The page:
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Doctoral students at the finance and economics division typically specialize in financial economics.
The first year of the program is dedicated to core courses that include a two-semester microeconomics sequence, a two-semester econometrics sequence, and one-semester courses in accounting and finance. During the second year the students take required courses in corporate finance and asset pricing – and a one-semester course in macroeconomics.
Students are encouraged to begin developing thesis proposals during their second year. During the second and later years they are also encouraged to participate in a wide range of workshops and seminars on current research. Faculty research interests cover most aspects of financial economics. They include asset pricing, corporate finance, continuous-time models in finance, information economics, economics of resources and the environment, econometric models in finance, international finance, the intersection of macro economics, and finance and banking. For more information on courses please see our sample coursework page.
For more information, visit the Finance and Economics Division.
The economics department offers a math camp intended for the entering doctoral class a month prior to the first year. Participation is an excellent preparation for the first year course work.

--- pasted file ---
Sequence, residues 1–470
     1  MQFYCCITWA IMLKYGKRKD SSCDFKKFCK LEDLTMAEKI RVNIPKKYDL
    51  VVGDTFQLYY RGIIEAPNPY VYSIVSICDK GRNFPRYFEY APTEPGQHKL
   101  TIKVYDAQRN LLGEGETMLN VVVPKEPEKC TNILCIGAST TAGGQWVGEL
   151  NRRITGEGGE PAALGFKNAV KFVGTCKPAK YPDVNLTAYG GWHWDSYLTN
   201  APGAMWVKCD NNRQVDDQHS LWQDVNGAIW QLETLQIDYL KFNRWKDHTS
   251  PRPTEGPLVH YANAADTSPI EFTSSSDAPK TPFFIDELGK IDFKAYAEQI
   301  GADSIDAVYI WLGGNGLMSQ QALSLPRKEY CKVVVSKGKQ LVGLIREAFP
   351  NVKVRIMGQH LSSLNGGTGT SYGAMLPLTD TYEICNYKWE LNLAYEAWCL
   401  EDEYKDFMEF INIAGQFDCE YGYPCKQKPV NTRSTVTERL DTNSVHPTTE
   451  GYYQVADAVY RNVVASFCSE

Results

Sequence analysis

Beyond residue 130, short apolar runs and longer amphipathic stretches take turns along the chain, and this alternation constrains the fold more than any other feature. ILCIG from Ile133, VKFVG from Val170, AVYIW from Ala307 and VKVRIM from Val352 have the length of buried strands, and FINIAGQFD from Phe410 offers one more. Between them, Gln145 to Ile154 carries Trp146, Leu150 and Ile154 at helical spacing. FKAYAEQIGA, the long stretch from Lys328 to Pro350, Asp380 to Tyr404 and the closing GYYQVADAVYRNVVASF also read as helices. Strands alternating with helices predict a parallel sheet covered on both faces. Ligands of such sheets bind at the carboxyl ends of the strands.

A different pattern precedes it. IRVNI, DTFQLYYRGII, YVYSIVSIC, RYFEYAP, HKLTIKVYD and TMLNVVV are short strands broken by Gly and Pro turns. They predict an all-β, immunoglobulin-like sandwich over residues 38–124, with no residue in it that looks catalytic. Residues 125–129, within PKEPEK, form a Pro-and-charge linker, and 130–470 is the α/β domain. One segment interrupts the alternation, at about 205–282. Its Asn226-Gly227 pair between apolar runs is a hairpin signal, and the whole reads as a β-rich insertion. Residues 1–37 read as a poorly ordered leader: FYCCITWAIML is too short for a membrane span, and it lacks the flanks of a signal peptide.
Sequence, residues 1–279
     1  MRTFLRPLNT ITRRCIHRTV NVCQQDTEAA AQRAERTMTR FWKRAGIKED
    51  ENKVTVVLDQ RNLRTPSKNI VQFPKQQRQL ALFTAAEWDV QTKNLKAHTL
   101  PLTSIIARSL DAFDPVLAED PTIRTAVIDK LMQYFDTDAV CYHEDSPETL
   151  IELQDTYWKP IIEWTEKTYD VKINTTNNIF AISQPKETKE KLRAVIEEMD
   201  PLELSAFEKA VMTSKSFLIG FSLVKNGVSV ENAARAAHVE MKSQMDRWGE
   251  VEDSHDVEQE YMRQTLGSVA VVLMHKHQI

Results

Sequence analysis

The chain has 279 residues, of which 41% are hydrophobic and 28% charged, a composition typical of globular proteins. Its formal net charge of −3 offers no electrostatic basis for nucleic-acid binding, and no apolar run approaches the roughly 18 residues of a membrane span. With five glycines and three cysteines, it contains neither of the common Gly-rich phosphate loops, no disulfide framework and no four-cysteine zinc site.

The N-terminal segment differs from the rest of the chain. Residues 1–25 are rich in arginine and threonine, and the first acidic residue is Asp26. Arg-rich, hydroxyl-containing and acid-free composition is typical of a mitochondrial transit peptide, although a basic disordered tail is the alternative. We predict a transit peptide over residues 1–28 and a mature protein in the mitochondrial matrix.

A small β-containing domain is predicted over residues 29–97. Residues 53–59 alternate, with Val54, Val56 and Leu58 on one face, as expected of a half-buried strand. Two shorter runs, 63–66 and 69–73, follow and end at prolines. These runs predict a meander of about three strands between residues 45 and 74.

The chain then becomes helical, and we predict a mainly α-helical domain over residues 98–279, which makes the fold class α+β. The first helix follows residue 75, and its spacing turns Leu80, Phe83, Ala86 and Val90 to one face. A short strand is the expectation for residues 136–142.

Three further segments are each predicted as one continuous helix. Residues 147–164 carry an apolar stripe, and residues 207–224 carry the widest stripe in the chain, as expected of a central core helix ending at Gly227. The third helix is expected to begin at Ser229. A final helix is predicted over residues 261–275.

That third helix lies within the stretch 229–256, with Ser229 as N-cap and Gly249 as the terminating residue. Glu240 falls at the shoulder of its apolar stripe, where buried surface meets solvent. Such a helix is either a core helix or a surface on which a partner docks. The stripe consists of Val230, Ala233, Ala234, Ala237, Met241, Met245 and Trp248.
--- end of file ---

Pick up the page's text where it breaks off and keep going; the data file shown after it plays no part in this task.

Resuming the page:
Elective courses will be offered to augment the required ones. The offerings may change from one year to the next.
In May of their first year the students will take the certification exams in microeconomics and in econometrics. To take the certification exams the students will have to complete at least six courses.
A student who performs well in the first year courses but fails a certification exam will be given a second chance to pass it in late August or early September. A student who fails the certification exam for a second time will be asked to leave the doctoral option. He will be given an option to complete a second year of coursework at the end of which he will receive a Master degree if he performs well in his courses.
At the end of their second year the students take the field exam in finance.
In late May or early June of their second year the students will take a finance field exam. A student who fails that exam will be given a second chance in late August or September. A student will be given at most two opportunities to write the finance field exam.
To take the field exam the students will have to take at least twelve courses in their first two years of studies. To receive a Columbia degree (a Master or a PhD) the students will have to complete successfully sixteen courses if he entered the program with a Master degree. If he did not enter with a Master degree he will have to complete at least twenty courses.
The finance field exam typically covers the following courses:
- Foundations of asset pricing
- Corporate finance
- Asset pricing theory
- Empirical asset pricing
- Empirical corporate finance